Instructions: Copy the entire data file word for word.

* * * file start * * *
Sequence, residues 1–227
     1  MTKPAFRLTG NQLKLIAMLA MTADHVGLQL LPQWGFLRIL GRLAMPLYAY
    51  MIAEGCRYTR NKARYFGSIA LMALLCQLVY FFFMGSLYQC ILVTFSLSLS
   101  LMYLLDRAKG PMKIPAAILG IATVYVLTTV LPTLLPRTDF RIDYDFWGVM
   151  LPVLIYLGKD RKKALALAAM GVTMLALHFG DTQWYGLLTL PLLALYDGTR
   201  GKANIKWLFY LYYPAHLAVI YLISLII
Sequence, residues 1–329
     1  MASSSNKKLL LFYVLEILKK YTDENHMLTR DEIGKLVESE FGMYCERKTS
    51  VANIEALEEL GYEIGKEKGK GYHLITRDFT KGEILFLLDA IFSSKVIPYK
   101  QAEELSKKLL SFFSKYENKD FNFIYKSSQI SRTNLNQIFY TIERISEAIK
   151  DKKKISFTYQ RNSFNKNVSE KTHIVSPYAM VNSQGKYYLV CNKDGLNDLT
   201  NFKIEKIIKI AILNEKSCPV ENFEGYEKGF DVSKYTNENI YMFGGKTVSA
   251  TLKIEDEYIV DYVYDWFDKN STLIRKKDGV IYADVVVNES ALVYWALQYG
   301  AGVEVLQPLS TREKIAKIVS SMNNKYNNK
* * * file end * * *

Sequence, residues 1–227
     1  MTKPAFRLTG NQLKLIAMLA MTADHVGLQL LPQWGFLRIL GRLAMPLYAY
    51  MIAEGCRYTR NKARYFGSIA LMALLCQLVY FFFMGSLYQC ILVTFSLSLS
   101  LMYLLDRAKG PMKIPAAILG IATVYVLTTV LPTLLPRTDF RIDYDFWGVM
   151  LPVLIYLGKD RKKALALAAM GVTMLALHFG DTQWYGLLTL PLLALYDGTR
   201  GKANIKWLFY LYYPAHLAVI YLISLII
Sequence, residues 1–329
     1  MASSSNKKLL LFYVLEILKK YTDENHMLTR DEIGKLVESE FGMYCERKTS
    51  VANIEALEEL GYEIGKEKGK GYHLITRDFT KGEILFLLDA IFSSKVIPYK
   101  QAEELSKKLL SFFSKYENKD FNFIYKSSQI SRTNLNQIFY TIERISEAIK
   151  DKKKISFTYQ RNSFNKNVSE KTHIVSPYAM VNSQGKYYLV CNKDGLNDLT
   201  NFKIEKIIKI AILNEKSCPV ENFEGYEKGF DVSKYTNENI YMFGGKTVSA
   251  TLKIEDEYIV DYVYDWFDKN STLIRKKDGV IYADVVVNES ALVYWALQYG
   301  AGVEVLQPLS TREKIAKIVS SMNNKYNNK